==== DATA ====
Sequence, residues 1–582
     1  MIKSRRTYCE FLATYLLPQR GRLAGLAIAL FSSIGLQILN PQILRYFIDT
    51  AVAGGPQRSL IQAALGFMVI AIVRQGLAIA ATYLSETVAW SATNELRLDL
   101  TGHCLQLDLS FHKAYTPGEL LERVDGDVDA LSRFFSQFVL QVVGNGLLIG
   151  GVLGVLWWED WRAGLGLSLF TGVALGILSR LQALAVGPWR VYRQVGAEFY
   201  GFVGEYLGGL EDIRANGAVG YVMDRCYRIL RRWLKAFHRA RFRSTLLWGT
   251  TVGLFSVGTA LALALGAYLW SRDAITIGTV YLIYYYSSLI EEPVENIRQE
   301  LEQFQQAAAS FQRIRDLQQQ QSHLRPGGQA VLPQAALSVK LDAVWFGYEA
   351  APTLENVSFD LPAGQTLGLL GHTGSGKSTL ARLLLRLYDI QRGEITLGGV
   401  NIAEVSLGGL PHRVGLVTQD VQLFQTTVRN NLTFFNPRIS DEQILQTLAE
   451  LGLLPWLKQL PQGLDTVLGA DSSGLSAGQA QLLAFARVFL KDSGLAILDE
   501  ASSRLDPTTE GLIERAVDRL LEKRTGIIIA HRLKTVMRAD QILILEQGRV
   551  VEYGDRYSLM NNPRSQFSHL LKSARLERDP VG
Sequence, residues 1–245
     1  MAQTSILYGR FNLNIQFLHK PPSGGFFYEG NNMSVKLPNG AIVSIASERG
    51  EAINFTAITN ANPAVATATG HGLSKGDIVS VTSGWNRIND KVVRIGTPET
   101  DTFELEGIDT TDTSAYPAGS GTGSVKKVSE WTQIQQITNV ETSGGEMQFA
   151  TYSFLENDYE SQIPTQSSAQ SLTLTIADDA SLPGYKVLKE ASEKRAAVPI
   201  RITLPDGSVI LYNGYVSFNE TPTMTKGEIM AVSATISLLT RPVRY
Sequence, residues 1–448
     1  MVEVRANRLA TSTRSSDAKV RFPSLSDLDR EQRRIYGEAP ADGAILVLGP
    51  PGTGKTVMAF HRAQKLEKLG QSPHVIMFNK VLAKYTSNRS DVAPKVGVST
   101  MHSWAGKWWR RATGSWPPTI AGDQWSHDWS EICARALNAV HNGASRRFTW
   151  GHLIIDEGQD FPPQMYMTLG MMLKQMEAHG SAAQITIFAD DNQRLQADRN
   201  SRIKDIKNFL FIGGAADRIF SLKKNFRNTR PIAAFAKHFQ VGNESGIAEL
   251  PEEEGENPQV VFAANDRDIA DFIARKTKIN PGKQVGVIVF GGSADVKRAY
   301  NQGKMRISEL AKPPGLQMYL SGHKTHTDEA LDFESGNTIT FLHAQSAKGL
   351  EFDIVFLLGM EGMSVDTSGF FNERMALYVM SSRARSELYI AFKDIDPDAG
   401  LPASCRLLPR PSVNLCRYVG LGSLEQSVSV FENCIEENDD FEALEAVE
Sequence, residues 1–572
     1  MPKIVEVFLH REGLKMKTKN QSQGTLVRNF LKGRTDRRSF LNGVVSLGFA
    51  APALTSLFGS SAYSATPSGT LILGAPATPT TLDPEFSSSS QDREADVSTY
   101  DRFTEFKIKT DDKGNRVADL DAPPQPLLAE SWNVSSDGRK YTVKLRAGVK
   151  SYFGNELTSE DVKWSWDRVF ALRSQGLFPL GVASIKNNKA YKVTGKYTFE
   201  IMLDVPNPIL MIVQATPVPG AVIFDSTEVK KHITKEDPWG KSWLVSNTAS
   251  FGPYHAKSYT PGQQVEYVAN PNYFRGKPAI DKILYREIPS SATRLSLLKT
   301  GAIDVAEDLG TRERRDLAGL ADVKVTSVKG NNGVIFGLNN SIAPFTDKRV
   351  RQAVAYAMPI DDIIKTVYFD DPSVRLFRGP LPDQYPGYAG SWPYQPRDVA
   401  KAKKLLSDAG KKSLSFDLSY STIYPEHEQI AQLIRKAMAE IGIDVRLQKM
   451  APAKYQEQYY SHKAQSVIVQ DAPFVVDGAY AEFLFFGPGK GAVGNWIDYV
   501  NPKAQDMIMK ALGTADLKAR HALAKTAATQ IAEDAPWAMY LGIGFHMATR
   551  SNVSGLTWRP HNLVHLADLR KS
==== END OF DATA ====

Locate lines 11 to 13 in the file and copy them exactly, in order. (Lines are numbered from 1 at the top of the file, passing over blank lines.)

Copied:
   451  LGLLPWLKQL PQGLDTVLGA DSSGLSAGQA QLLAFARVFL KDSGLAILDE
   501  ASSRLDPTTE GLIERAVDRL LEKRTGIIIA HRLKTVMRAD QILILEQGRV
   551  VEYGDRYSLM NNPRSQFSHL LKSARLERDP VG